7 Best Tips to Homeschool your ADHD Child
● Tip 1: Expect your plans to go awry!
○ ADHD is unpredictable, and you may have a great week of education and activities planned, but find yourself dealing with meltdowns every day!
○ Make sure you have two types of plans - the "Things Are Going Great!" plan, and the "We Need to Back Way Down and Reset our Family" plan.
○ Be prepared to turn around 3 minutes away from a fun activity and go home because the anticipation has turned your child into a mess.
○ Just don't tell your kids about the fun plans until you're pulling up to it. Anticipation is a surefire way to get your kid into overload!
● Tip 2: Focus on developing a consistent family home rhythm first.
○ This should be your focus before anything else that you could be doing. Children with ADHD thrive in a predictable environment and they need to know what they are doing from one activity to the next.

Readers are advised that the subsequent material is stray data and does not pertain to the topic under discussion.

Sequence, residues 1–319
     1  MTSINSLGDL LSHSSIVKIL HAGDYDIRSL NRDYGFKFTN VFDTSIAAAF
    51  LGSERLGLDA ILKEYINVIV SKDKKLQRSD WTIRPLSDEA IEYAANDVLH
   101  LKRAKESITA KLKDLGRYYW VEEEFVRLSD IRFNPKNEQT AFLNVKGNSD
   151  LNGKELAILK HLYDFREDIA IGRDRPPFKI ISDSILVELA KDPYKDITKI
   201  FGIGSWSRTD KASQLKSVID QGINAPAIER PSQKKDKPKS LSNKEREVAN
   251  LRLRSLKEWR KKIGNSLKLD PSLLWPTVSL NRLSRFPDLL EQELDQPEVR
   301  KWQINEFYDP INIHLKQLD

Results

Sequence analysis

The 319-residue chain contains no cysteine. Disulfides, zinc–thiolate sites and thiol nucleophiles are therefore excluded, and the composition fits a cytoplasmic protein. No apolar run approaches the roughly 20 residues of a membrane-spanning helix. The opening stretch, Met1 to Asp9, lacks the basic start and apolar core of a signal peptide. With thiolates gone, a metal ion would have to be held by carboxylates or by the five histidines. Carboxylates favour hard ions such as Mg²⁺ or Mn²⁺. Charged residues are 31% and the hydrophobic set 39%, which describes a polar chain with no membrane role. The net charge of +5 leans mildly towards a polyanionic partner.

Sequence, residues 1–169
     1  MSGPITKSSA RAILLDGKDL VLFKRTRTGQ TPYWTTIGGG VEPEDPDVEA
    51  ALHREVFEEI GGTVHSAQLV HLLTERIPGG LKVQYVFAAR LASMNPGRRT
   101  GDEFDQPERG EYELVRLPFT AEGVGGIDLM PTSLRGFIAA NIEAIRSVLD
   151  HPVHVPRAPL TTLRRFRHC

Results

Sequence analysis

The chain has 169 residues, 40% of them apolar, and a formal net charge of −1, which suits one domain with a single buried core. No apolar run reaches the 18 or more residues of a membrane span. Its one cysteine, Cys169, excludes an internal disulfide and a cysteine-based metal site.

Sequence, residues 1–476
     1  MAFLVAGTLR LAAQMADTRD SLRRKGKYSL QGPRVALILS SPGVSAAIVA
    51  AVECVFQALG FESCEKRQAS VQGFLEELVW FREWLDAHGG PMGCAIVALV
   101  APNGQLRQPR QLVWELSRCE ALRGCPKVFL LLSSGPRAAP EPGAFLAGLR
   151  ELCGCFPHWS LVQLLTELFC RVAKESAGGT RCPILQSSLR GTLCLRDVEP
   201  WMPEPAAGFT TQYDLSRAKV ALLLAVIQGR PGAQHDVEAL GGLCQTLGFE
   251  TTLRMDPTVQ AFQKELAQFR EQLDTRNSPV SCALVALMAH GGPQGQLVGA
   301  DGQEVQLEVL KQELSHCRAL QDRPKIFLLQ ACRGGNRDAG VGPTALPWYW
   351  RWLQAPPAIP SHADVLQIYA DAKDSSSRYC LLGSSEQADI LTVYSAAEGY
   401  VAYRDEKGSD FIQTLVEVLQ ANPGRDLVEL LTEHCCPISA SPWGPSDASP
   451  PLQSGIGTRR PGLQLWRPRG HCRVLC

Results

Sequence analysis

○ Create anchor points to your day - mealtimes, outdoor times, bedtimes, and make sure that they are set in stone.
○ Do not let your bedtime be messed up more than twice a week, or else your children will begin to think that's just what bedtime is from now on!
● Tip 3: Use short lessons to capture your child's attention.
○ The Charlotte Mason method emphasizes using short lessons to keep a child's attention and build up the ability to concentrate.
○ I like to try and keep each lesson to about 10 minutes, and once we're easily doing 10 minute lessons, then I try to move us up to about 15 minutes.
● Tip 4: Utilize Habit training to improve behavior and attention.
○ Training in good habits is essential for children with ADHD, because it helps them to run on "autopilot".
○ Charlotte Mason taught that children with poor habits are left to the mercy of whatever whims pass them, and are less empowered to make good decisions.